FORMATIVE EVALUATION OF PACIFIC PROVIDER-BASED FAMILY VIOLENCE SERVICES SEPTEMBER 2016
Integrity Professionals Limited (IPRO) report on the formative evaluations of four Pacific provider-based family violence services.
K’aute Pasifika Services Trust is a Hamilton based Pacific provider delivering an ethnic-specific home-based family violence awareness raising programme. DOVE Hawkes Bay is a social service provider specialising in family violence services, delivering the Kainga Pacific Services (KPS). Pacific Trust Otago is a Pacific provider delivering Samoan, Tongan, Cook Islands and English language Pasefika Proud family violence awareness programmes in the Otago region. TOA (Treasuring Older Adults) Pacific is an Auckland provider delivering family violence awareness raising programmes for older Pacific people.
WHAT WERE THE FINDINGS? The Nga Vaka o Kāiga Tapu Framework (even if not expressly stated) is a reflection of the way the four Pacific social service providers have currently been delivering social services to Pacific communities.
Key features in service design and delivery included: ••
A strengths-based approach
Incorporating wellbeing, peace and harmony as the desired state/outcome
Recognising the significance of culture in achieving this outcome
Acknowledging relational aspects – all people and things are interconnected and interdependent
All four providers deliver complementary services, whether social, education or health services – each service is not run in isolation and is part of a wider holistic initiative.
The evaluation found that the services facilitated: ••
Increased levels of awareness in their respective Pacific communities
Led to some self-reported behavioural change
Increased perception of community focus and spirit on family violence prevention
Common critical success factors included: ••
Community development approaches
Working in collaboration and inter-sectorally
Trained and knowledgeable staff
Caring and committed staff and volunteers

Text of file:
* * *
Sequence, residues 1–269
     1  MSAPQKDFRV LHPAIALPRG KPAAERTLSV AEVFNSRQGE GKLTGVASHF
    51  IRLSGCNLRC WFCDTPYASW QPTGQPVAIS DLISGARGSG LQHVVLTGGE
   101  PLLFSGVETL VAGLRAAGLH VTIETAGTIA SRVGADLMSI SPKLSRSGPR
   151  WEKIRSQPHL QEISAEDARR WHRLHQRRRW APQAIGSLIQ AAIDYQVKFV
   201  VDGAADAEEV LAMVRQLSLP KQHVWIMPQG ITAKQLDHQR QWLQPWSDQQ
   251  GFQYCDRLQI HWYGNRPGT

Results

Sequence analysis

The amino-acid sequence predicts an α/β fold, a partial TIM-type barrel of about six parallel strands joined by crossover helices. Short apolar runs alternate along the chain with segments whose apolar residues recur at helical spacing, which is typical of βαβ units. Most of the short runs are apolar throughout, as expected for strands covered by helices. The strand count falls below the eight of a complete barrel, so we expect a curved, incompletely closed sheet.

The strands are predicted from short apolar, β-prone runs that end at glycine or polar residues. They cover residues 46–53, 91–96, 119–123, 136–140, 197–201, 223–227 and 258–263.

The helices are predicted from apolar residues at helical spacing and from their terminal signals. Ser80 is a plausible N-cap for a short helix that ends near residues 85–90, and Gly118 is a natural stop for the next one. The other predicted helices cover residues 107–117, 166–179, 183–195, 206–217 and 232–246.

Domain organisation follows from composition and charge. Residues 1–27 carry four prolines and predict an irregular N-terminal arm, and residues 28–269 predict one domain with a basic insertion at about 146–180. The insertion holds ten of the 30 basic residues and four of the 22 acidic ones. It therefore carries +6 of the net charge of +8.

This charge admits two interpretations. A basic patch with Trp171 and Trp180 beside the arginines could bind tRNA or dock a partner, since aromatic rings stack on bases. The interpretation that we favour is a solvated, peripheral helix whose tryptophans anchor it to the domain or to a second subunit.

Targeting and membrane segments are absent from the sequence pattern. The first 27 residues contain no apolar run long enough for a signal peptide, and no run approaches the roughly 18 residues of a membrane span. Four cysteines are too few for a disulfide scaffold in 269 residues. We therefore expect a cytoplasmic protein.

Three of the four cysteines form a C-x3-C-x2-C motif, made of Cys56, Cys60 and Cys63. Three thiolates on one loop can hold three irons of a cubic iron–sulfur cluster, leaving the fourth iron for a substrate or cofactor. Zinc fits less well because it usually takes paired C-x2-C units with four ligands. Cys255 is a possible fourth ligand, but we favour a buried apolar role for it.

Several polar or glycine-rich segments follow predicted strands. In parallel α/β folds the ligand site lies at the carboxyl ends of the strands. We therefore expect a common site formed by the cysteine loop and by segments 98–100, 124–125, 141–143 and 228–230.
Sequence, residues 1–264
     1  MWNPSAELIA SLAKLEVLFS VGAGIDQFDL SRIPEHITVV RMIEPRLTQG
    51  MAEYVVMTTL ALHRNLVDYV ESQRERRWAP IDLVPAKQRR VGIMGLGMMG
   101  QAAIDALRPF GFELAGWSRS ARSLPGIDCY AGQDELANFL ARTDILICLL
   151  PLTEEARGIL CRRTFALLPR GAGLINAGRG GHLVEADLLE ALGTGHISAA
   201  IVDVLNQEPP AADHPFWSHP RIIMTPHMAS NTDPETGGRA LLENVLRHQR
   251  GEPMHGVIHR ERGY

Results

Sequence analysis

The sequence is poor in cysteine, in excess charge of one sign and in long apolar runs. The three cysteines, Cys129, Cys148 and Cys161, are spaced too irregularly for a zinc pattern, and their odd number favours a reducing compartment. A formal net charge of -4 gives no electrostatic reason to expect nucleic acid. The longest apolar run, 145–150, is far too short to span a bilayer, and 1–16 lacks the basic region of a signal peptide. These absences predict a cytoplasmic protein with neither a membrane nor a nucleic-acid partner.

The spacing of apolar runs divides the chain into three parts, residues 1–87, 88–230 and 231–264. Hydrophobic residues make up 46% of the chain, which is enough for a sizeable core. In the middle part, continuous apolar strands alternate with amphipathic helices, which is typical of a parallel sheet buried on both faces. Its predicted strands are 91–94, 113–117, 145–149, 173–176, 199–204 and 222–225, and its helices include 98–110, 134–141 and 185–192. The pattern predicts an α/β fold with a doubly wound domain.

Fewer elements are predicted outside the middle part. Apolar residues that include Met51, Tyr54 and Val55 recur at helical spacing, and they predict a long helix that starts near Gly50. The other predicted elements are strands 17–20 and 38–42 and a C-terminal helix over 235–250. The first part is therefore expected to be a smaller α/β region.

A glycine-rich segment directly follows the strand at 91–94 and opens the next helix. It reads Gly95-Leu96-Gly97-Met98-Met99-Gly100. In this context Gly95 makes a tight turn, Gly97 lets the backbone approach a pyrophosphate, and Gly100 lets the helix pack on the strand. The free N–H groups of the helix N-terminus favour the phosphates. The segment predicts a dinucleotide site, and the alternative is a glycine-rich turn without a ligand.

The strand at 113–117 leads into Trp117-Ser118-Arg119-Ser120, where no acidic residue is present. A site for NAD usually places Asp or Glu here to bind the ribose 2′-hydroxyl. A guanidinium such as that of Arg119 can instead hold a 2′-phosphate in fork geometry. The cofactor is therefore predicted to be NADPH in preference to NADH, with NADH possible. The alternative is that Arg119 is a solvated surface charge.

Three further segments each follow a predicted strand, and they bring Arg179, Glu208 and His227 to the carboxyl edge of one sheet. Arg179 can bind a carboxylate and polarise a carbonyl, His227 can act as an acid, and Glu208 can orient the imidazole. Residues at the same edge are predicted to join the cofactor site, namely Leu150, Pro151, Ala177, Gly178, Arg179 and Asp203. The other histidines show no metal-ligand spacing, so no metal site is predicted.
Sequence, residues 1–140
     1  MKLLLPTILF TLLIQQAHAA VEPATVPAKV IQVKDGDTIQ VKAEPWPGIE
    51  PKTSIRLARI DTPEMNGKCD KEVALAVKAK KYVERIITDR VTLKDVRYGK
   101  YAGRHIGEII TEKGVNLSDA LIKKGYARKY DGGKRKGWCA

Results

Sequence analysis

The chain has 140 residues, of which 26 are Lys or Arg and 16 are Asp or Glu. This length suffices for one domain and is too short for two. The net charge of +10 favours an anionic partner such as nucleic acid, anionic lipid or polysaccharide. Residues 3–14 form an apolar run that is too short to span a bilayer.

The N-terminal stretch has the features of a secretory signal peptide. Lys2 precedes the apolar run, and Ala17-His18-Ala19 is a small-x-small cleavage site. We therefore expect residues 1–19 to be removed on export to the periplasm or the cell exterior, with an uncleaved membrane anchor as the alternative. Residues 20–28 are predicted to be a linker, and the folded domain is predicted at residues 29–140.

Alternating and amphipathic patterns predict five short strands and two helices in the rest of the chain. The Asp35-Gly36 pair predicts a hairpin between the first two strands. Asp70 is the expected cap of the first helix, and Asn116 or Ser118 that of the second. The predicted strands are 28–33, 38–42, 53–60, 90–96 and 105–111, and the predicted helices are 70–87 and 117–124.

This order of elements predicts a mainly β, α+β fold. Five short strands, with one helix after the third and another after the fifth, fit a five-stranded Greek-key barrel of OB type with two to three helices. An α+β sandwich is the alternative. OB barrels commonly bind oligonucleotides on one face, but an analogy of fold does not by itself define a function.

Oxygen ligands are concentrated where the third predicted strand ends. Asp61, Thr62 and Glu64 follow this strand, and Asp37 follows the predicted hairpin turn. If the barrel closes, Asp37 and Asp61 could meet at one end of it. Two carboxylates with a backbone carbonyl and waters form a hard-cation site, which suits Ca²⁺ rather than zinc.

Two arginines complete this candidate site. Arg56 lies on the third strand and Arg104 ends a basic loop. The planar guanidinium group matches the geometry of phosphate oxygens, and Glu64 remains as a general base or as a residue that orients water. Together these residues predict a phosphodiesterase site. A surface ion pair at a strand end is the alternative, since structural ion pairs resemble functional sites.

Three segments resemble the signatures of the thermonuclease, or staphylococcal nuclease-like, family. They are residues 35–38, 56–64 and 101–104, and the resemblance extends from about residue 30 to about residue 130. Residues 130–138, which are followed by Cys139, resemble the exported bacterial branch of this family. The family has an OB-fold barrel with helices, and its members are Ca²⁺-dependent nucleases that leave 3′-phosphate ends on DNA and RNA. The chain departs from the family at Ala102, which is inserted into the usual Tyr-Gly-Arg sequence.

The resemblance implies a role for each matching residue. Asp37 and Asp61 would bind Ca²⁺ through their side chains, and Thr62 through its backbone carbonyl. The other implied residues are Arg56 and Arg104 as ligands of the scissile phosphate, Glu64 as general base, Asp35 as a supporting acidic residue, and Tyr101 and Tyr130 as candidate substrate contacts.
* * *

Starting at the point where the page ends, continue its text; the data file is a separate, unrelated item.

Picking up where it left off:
Effective resources (translated resources)
Leadership in the community (Church Ministers and Elders)
What did the literature scan find?
There is little literature specifically targeting Pacific family violence prevention initiatives.
Developing local ownership and leadership about family violence
Community-led, holistic, iterative and inclusive activities
However, there is some evidence in sexual violence literature that suggests the following factors may be relevant when looking at family violence initiatives in Pacific communities: ••
Ethnic and gender specific programmes that encourage communities to discuss best methods to prevent and find solutions to violence
Home support services including family violence support (among other things) in the first two years of a child’s life
Parenting skills training that is culturally appropriate that emphasises non-physical discipline and support parents keep their children safe
Services that are culturally responsive and viewed as safe and confidential
School and community programmes that build on significant cultural relationships (e.g. between brother-sister relationships)
SOME IMPACT WAS IDENTIFIED These included, but were not limited to: 1.
An increased awareness of family violence (e.g. definitions etc.)
Some level of attitudinal change, self-reported by some programme participants
BUT THERE WERE AREAS FOR IMPROVEMENT:
The literature also points to using Churches as effective settings for change as well as increased use of Pacific media (i.e. ethnic-specific radio).
More capability building is required for all four providers to build on existing quality improvement processes. This includes developing independent mechanisms for collecting client feedback anonymously and greater access to family violence prevention training.
Other literature also identified key factors that increased likelihood of seeing improved outcomes. In particular these included:
Further research is required to support the effectiveness of home-based family violence primary prevention initiatives for Pacific families.
Extensive community consultations contributing to successful outcomes
A holistic and multi-disciplinary approach
Community mobilisation is also being seen as an emerging effective mechanism in preventing family violence.
All four providers developed their family violence primary prevention programmes differently, although the final models and designs share similarities. Two providers started delivering community-based workshops before moving to home-based programmes. The other two providers continued to deliver community-based workshops.
Pasefika Proud embodies a vision of strong, vibrant and prosperous Pacific children, young people and their families. Wellbeing for Pacific families occurs when all aspects of the individual and collective are in balance, co-existing with environments, kinship and support systems while recognising mana and tapu. Pacific cultures are strengths that can be used positively to promote and enhance resilience within Pacific families. Pasefika Proud mobilises Pacific individuals, families and communities to take responsibility for the issues they are facing, find the solutions and take leadership in implementing them.
‘OUR FAMILIES, OUR PEOPLE, OUR RESPONSIBILITY’
Find out more Full research reports can be requested from Pasefika Proud. Email: Pasefika_Proud@msd.govt.nz